A good friend of mine who is a great fellow and an excellent therapist has this adage he likes to share: “When in doubt, do something” – meaning that if you are stuck, doubtful about yourself and feeling blue or down, take some action. Move. Do something. It doesn’t have to be a “big” something. It shouldn’t be a “big” something. Any move is a gift. So I had an interesting experience recently that put the proof to that statement and some may find this a helpful story.
I had been feeling down for a while and was having a hard time kicking it. My website came to the rescue….well it helped me come to my own rescue.
I really like my website. I worked hard on it and get nice complements. A great designer named Stephan Laenan who lives near Portland put it together for me. I gave him content, he designed it…but once in a while there were tweaks I wanted to make and I didn’t know the first thing about how websites are put together. It was aggravating, since I was totally dependent on someone else who rightfully charged me for his time. Last year I bought an Idiot’s book on HTML and CSS (how you create the code to make a website) and after reading it for a few weeks, I was so cross-eyed that I had to put it down – defeated. Then a month ago, a lawyer friend of mine was telling me how he created his own site and I thought, “Well, if he can do it……..” so I checked a bunch of books out of the library and suddenly had this “Ah-ha” moment and figured out how to make all the changes I wanted. I dove in and over the next week updated everything I wanted updated.
I absolutely felt a spring in my step. A big weight was lifted from my shoulders and I found that things that had been aggravating me only the week before weren’t so important. My mood absolutely shifted because….well, I did something. (And really, it’s not a big deal to learn about website coding, even for a tech dweeb like me.)
In 1975, I was a year out of law school and a pal asked if I wanted to drive up from L.A. to Santa Barbara to catch a Bruce Springsteen concert. I hadn’t heard of the guy. I went up on a “what the heck” ride. It remains the most rocking, outrageous concert experience of my life. What I remember now years later is that he had a band that was so tight, had practiced so much, that they acted as one instrument. The other thing I remember was the man’s energy. Jon Stewart once said that Springsteen empties the tank in his concerts and that is an apt description. When he was young, the guy would light up a city when he’d come through. He did 4 consecutive nights in L.A. in the late 70’s and everywhere you went for days afterward, people were in a daze – “Which night did you go?” “Did he play ‘It’s My Life’ (an old 60’s classic) at your concert?” “Can you believe it….3 encores!” Set aside his great melodies and poetic lyrics. The guy found the thing he knew he was 10+ on a scale of 10 and he did it. Every public pronouncement from him is admonition to us to do the same. Embrace the passion of being alive. It’s a hard road for so many of us and the only thing we can ever control is our belief in ourselves. Encouragement of that is one of therapy’s goals. Many of us learned who we were in this world through families that told us we weren’t much (or worse, were burdens and fundamentally bad). Perhaps more common was the encouragement of aspects of self that didn’t reflect what we somehow knew to be our essence. This would go hand-in-hand with discouragement or disregard for parts of our character that we knew were truly an expression of our true and best selves. One reason I think that Bruce Springsteen galvanized so many people to loyalty bordering on idolatry is that his work provided the constant message: “Life can be hard. You’ll be challenged – but you’re up to the task.” Seligman would add, “Learn and embrace your signature strengths (see my earlier post). They’re yours. Their expression in your life is where you’ll find meaning and happiness.” Right on, Marty! Right on, Bruce!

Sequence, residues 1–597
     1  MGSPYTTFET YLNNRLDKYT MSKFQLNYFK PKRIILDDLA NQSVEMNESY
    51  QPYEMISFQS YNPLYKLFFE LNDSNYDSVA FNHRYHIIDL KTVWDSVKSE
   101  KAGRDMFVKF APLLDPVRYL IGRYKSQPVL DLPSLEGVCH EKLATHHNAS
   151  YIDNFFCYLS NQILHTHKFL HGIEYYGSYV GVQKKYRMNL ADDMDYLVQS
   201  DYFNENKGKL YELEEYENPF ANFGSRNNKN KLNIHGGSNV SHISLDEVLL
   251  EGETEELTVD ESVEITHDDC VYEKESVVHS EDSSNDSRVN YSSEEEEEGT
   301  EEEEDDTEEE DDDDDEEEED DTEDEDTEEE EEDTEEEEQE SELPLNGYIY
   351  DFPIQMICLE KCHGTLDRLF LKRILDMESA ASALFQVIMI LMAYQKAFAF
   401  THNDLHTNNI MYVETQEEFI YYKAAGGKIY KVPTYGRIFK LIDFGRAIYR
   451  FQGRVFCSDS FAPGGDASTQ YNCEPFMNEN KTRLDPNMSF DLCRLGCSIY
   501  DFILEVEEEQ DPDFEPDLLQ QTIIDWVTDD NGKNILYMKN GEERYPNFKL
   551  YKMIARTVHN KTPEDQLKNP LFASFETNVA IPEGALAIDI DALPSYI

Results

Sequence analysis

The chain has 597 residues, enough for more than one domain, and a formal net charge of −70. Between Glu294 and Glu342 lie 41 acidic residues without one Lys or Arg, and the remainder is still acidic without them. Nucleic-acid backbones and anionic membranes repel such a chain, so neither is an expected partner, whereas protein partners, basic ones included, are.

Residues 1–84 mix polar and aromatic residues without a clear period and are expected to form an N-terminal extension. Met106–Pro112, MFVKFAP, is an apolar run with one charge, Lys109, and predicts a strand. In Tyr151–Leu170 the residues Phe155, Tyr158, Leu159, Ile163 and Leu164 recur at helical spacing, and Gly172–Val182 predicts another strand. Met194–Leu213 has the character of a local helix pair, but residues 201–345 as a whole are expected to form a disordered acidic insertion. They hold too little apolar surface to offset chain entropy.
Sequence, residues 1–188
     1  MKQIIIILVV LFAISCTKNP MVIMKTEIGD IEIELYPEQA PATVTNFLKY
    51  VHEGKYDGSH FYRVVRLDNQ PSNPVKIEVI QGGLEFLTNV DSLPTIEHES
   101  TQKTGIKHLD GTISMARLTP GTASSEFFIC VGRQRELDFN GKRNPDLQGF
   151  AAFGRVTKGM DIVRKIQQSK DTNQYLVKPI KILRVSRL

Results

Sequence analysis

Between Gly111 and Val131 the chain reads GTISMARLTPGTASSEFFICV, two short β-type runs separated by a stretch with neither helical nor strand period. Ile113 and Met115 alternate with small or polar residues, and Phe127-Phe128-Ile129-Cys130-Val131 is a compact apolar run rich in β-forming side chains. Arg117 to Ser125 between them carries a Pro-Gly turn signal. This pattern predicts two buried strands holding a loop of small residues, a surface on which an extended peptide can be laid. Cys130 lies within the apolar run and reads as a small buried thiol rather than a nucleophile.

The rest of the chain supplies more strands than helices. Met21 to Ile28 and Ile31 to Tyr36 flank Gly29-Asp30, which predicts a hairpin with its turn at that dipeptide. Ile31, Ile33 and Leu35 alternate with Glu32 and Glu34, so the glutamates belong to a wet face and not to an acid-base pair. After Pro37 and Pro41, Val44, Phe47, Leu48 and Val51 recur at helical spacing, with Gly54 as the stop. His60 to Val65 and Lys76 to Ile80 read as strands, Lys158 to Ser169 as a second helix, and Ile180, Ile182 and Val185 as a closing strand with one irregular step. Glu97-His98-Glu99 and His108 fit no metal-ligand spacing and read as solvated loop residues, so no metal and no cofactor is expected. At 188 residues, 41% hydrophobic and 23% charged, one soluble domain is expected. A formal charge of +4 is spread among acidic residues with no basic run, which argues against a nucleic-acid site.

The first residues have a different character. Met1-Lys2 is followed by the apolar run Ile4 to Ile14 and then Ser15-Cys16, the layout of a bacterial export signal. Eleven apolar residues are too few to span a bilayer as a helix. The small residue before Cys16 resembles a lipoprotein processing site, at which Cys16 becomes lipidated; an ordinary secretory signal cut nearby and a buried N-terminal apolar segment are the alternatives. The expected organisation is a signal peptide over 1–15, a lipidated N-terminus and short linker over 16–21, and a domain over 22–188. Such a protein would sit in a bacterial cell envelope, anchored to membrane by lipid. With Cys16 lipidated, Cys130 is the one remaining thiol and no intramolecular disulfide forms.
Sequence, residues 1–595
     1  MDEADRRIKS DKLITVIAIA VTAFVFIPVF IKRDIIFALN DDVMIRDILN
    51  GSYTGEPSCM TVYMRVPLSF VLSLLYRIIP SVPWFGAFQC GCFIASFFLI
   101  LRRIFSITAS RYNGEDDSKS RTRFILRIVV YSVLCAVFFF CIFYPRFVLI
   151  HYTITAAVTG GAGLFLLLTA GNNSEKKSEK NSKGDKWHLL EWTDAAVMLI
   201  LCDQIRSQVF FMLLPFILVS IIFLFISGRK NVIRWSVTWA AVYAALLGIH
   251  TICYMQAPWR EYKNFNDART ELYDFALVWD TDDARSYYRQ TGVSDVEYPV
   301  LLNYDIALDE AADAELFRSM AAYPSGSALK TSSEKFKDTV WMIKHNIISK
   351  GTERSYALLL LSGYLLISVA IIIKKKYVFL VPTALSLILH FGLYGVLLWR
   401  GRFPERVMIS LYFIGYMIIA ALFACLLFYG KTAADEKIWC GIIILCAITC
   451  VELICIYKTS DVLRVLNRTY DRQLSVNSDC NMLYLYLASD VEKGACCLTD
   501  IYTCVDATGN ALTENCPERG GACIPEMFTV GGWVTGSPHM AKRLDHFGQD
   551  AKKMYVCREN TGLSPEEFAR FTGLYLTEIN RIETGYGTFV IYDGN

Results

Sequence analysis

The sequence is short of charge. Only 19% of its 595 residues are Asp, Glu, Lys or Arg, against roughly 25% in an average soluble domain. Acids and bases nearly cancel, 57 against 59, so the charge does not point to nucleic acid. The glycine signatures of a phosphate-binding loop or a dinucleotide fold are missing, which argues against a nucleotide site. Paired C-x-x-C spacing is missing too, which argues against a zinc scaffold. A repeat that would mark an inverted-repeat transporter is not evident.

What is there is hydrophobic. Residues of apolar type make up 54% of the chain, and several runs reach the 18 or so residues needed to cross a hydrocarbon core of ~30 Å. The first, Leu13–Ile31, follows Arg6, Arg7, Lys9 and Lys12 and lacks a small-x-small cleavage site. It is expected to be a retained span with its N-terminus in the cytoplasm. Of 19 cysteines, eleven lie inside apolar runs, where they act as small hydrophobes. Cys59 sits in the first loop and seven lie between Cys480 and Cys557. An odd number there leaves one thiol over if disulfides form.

A few years ago Martin Seligman (former President of the American Psychological Association and developer of positive psychology, a significant force in the current mental health environment) and Christopher Peterson came up with this notion of Signature Strengths – those qualities we are naturally drawn to and which are considered to be positive (and have for millennia). There are 24 of these and it is possible to visit a web site and go through a 30 minute test that will give you a sense of your top signature strengths. You can access this test here (scroll down to the VIA Survey of Character Strengths). Seligman describes these different strengths so well in his book Authentic Happiness. In a more detailed discussion, Seligman and Peterson in their book Character Strengths and Virtues (a book I purchased out of an excess of enthusiasm only to decide that the tome was helpful, but did not merit it’s size or price) break the 24 strengths into Six Categories: Wisdom and Knowledge; Courage; Humanity; Justice; Temperance and Transcendence. What I particularly appreciated about this material is similar to the value I find in Myers-Briggs psychological type. Many of us struggle with the belief that there is something about our basic nature that is inadequate. We aren’t smart enough, or clever enough, or spiritual, empathic, mentally tough, athletic or social enough. These products of “programing” we received from parental figures who, themselves, struggled with their own sense of defect and want, leave us with an inflated sense of what is missing in our character and an altogether limited idea of our own personal assets. The most successful, content people in the world have holes in their character and the most confused have great, though unmined, character strengths. Recognizing, and playing to, those strengths is a key to life satisfaction, as Seligman teaches. He suggests that we seek out work that allows us to exercise these strengths and indulge in recreation that lets us express them. Great advice in my book. I invite you to take the test linked above and explore it’s benefits.